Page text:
Your AGP events update for this week….
1) Brown Bag Lunch with Sara Saboonian
Topic: The relationship between Policy, Program and Implementation in the Sustainable Urban Water Management”
EV3 3301 on March 27th from 1:00-3:00pm
Please bring your lunches!
The emergence of the water crisis has forced cities in some areas of the world to rethink their approach to urban water. In order to create workable solutions that combine ?blue and green? strategies to make cities livable and sustainable, we should consider the approach of the integration of urban and natural systems. This combined approach allows us to move past the current unsustainable practices and insufficient preservation policies. I argue that one of the most effective ways to achieve this approach is by managing stormwater runoff in a sustainable manner.
Holistic sustainable stormwater management can be essentially seen in three major parts; creation of the ?Policy?, development of the appropriate ?Design response? and ensuring proper ?Implementation? to meet the policy goals. Currently, there are gaps and disconnects between these three parts. In other words, there are disagreements between the concerns of policy makers; planners; designers; developers; and the public. The question I will address is how to convince all of these stakeholders to give up the conventional relationships between policy, program, and design, and come up with creative and effective alternatives for better blue and green cities.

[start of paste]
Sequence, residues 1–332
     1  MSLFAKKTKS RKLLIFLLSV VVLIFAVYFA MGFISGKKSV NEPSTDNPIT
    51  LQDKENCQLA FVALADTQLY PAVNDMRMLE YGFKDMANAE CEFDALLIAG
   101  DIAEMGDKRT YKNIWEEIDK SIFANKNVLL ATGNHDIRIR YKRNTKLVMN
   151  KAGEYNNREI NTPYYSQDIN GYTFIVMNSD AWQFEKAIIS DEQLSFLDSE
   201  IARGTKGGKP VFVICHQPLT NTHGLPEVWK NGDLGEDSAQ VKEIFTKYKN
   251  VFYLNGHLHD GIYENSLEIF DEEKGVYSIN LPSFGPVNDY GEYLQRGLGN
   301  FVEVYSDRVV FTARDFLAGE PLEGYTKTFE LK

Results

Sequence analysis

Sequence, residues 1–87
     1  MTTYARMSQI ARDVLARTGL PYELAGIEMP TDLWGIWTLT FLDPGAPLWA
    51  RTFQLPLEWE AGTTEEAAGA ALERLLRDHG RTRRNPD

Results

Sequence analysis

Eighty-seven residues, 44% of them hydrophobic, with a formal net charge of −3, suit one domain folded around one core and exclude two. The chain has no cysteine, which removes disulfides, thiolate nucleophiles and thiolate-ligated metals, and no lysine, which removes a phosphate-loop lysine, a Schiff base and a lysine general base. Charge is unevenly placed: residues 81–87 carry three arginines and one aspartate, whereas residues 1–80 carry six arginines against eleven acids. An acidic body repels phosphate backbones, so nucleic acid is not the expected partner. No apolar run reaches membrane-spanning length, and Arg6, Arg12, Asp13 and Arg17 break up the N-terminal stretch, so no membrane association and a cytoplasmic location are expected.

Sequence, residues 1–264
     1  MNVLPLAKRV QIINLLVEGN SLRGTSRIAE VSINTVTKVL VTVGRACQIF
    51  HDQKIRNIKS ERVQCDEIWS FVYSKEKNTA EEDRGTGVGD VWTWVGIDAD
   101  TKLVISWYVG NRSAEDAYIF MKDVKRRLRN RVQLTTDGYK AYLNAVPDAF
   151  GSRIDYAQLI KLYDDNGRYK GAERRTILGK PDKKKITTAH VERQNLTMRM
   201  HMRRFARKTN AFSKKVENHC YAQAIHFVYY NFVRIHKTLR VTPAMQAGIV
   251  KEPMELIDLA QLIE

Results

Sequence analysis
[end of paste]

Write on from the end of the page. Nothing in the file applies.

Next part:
2) PSA Presents: The Ultimate Planning Showcase
Alumni Hall, St. Paul’s University College on on March 27th from 7:00-10:00pm
3) Charity Ball
This week’s featured image was taken by Richard Buchan.
Description: Derek Rowe is a sculpture on Vancouver island and has been commissioned by several municipalities for public art installations. This particular installation is located in Langford BC’s Veterans Memorial Park and depicts a war Veteran sharing the story of the poppy with a Canadian youth. Since the 1980’s, public art has increasingly been promoted as a means of contributing to senses of place, civic identity, community needs, and the promotion of social change. In essence, public art and open space create social and physical aesthetic improvements. It creates a space where residents want to be a part of because it identifies their community. For Planners, attractive public art can be a tool to teach people about their community heritage and create more livable spaces. Fun fact – the model for the “Canadian Youth” happens to be one of the current Masters Students in Waterloo’s School of Planning.